Most of the avalanches hit the western Tyrol region and Friday alone saw five fatalities, rescue services said.
That day, four Swedish skiers and their Austrian tour guide – all in their 40s – were killed when a 400-metre-wide avalanche, near the town of Spiss on the Swiss border, buried them, Austrian broadcaster Orf said.
A sixth member of their group was only partially buried by the snow and was able to phone for help. He was airlifted to hospital with injuries.
Also Friday, a man aged 60 and his wife of 61 were engulfed while cross-country skiing near the village of Auffach, Tyrol police said.
Saturday then saw a 58-year-old Austrian killed at Schmirn near Innsbruck in an avalanche which injured four others, Austrian broadcaster Orf reported.
Further west, an experienced skier of 43 was killed in the popular Vorarlberg region as Austria saw exceptional quantities of snow fall going into and across the weekend.
Five winter sports enthusiasts were buried by snowfall in the major resort of Soelden but were all rescued.
“The past three days have seen some 100 avalanche-type incidents requiring 70 interventions,” Tyrol regional authorities said Sunday, dubbing the situation “unprecedented” and warning of more to come.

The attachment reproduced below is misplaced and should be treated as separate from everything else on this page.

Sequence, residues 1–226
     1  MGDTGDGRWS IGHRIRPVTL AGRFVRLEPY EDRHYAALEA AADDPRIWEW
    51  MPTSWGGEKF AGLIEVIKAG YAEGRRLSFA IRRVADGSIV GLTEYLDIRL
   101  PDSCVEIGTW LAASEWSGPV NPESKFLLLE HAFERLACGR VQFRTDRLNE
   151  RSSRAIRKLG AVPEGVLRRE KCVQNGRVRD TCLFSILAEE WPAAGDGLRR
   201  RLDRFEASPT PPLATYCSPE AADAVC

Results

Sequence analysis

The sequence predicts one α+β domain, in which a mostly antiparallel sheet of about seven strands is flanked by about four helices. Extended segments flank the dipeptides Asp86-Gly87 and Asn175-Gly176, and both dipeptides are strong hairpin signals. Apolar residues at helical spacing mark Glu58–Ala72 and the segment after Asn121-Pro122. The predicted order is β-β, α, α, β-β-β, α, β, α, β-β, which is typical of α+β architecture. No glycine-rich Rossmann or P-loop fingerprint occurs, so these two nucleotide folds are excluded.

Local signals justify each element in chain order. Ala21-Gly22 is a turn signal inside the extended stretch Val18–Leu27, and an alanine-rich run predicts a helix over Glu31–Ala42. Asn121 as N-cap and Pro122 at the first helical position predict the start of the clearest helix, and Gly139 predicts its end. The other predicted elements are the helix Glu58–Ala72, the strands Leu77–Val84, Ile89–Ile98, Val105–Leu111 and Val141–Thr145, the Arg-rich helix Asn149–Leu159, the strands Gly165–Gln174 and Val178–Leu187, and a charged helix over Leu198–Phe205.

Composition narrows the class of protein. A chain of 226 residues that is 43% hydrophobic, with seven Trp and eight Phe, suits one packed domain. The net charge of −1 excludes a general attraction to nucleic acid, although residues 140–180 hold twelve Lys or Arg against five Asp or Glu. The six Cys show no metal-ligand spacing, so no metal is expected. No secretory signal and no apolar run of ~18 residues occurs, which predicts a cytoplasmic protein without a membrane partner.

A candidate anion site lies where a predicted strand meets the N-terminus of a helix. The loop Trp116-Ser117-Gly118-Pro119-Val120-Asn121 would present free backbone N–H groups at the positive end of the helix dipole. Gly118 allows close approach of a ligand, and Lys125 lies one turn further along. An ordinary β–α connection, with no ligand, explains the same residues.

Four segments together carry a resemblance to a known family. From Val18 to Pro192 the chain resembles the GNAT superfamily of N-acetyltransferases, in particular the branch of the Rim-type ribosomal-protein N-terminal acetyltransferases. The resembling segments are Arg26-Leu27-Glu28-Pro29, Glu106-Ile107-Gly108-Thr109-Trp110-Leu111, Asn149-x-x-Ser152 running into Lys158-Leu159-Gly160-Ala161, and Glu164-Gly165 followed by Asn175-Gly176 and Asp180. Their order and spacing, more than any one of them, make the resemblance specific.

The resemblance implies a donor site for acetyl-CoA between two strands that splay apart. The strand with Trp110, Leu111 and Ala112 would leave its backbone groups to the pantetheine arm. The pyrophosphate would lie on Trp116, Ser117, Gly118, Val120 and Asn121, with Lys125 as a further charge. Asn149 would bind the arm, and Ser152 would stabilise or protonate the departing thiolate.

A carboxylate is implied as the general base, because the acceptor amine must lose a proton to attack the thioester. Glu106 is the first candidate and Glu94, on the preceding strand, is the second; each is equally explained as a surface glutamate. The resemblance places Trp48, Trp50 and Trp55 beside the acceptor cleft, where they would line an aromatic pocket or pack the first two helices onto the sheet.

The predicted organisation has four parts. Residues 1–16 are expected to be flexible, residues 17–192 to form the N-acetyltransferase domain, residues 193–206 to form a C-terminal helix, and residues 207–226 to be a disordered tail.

The region’s avalanche warning service (Lavinenwarndienst), which closely examines avalanche cones (the mass deposited where an avalanche has fallen) and where they break off, said that there was still “considerable avalanche danger” on Sunday, with further snow forecast for Monday.
The risk level for the region – in orange in the above map from the service – stood at three on a five-point scale on Sunday.
Artificially triggered avalanches and stability tests on the structure of the snow cover confirmed the delicate avalanche situation in the region.
Fresh snow and snowdrifts had fallen on weak old snow, making the structure particularly unfavourable, the service explained, adding that weak layers in old snow can be difficult to recognise.
Booming noises and cracks when stepping on a snowpack are clear signs of a weak structure.
Anyone who skis off the secured pistes needs to be an expert at avalanche assessment, Rudi Mair, head of the avalanche warning service, told Orf.
Recent years have seen avalanches claim around 20 lives a year in Austria, fewer over the past two years after the pandemic vastly reduced skier numbers.